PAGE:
Social media has forever altered the way in which people communicate, says Gini Dietrich in her Vocus webinar, State of the Media Report 2014. People no longer wait for traditional outlets to deliver news; they find it themselves. They then visit traditional news sources to confirm the news is true.
Traditional outlets have noticed the trend and are implementing digital. Many reporters use social media in much the same way that some people use police scanners: they skim social news feeds to find stories and sources. In addition, they use social media to engage with readers and to promote their work.
Here are three ways reporters have started adopting social media:
Journalists use social media to monitor their competition and newsworthy events on a local, national and global scale. When they monitor competition, they do aim, according to Gini, to “scoop” stories. Their main priority, however, is to find interesting topics, story angles and sources.
Journalists also use social media to engage with their readers. They don’t have to wait for op eds to know what their readers think; their readers let them know directly (sometimes vehemently) on channels like Twitter. Those interactions benefit reporters. They may hear points of contention, but they may just receive new information that builds upon the published story or leads to the writing of a new one.
Many journalists receive compensation for increased page views, so they are deeply invested in promoting their work. Not only that, they want sources who can help with promotion. The end result isn’t merely monetary compensation; promoting the work provides journalists with more readers, potential sources and new story topics.
By doing the following, PR professionals can use those three elements to increase their chances of having a pitch accepted:
- Cultivate relationships through social media. Social media will move media relations faster, but time is still required. As Gini says, “Media relations hasn’t changed. We just have different tools at our disposal.”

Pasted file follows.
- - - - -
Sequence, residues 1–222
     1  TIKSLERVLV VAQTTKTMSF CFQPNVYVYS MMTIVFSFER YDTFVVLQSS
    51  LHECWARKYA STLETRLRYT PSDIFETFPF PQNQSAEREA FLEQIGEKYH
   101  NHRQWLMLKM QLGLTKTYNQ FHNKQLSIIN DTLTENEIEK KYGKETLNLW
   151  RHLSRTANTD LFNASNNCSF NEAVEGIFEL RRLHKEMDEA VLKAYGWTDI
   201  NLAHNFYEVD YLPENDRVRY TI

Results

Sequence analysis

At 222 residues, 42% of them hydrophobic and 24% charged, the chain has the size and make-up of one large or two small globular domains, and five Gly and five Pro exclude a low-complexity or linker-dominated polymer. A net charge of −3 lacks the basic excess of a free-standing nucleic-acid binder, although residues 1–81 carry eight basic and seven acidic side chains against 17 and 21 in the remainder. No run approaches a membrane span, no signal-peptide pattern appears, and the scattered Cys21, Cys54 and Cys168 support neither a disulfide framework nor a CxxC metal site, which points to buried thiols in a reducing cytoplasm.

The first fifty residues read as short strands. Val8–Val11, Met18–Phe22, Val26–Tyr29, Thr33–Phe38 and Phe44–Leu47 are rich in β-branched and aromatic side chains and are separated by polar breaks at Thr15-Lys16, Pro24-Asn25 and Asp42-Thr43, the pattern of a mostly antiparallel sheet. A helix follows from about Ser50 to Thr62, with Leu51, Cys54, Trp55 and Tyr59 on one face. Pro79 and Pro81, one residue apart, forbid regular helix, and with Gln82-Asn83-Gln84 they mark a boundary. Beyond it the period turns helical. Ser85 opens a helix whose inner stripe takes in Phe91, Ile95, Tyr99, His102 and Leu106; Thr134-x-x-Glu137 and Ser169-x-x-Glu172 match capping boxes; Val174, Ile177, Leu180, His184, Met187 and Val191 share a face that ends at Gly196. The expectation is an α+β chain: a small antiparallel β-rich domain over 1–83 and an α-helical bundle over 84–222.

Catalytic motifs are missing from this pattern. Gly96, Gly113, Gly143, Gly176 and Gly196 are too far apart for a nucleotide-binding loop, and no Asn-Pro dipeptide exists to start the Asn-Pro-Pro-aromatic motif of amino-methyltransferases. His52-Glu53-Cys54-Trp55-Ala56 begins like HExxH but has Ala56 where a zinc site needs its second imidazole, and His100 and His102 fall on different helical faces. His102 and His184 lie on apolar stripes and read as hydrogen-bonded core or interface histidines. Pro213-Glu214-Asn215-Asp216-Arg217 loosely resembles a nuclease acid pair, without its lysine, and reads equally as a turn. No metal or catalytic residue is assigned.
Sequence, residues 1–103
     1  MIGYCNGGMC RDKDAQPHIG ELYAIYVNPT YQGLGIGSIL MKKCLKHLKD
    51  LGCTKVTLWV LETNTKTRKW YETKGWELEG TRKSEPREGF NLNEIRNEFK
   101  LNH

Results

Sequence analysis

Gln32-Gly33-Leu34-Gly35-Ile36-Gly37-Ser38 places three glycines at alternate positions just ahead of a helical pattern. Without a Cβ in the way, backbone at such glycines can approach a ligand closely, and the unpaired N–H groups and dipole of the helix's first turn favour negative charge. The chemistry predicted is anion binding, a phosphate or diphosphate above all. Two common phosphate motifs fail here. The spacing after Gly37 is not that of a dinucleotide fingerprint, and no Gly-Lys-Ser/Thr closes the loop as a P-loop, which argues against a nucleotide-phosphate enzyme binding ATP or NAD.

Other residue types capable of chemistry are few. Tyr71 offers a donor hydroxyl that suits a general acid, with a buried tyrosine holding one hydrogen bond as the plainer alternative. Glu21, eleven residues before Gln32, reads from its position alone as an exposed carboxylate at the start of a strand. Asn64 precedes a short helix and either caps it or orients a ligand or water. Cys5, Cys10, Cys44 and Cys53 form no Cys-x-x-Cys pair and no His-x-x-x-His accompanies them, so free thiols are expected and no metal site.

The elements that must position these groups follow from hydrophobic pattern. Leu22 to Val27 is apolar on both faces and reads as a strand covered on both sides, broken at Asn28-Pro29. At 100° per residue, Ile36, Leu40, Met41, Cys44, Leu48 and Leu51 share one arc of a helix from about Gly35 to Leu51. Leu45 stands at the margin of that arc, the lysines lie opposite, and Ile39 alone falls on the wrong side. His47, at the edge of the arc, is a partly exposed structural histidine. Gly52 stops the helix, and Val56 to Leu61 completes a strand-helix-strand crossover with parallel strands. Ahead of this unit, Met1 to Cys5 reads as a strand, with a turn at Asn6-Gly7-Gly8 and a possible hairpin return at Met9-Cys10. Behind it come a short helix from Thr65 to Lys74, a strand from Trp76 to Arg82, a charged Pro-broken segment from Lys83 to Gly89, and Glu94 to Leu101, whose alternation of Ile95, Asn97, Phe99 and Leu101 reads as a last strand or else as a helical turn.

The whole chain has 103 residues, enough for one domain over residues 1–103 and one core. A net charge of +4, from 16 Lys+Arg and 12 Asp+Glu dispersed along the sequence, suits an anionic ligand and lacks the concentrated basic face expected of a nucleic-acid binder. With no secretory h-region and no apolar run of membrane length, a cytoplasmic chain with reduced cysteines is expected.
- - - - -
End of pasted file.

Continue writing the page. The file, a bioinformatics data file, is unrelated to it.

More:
- Use email to make your pitches. Most journalists don’t want to receive pitches on social because they fear being scooped. In addition, they often prefer to have a reference archive, a thing that is difficult, if not impossible, to create on social.
- Make visuals a part of your pitches. Some news outlets make visuals the responsibility of their reporters, many of whom don’t have the time or the skillset to produce quality images. If you have the ability, say that you will accompany an accepted pitch with images or video.
- Pitch radio stations with clients who have large social followings. Radio stations have joined the digital era and are looking for ways to integrate social into their programs. If you believe radio would benefit your client, pitch radio stations. It’s a win-win for both parties.
- Offer research that supports or contradicts trending news. If you have a reputable source, share it in your pitch. Journalists are just as skeptical as the next person when it comes to receiving a pitch about a trending news item. They need and desire evidence.
- Use multimedia in your pitches. This point is similar to number three, but multimedia offers even more options. Multimedia can be used as “behind-the-scenes” content or be repurposed for other stories and online spaces.
- Help promote stories by sharing them with your network. If a journalist you wish to pitch writes a story with applicability to you or a client, share it. Similarly, if your pitch is accepted, share the finalized piece with your own networks and on your client’s. The journalist and your client will thank you.
Gini says the current state of the media is just the beginning. Traditional and digital will continue to merge, resulting in experimentation with digital in general and native advertising in particular. Mobile will also take on a more pivotal role and make news simultaneously local and global.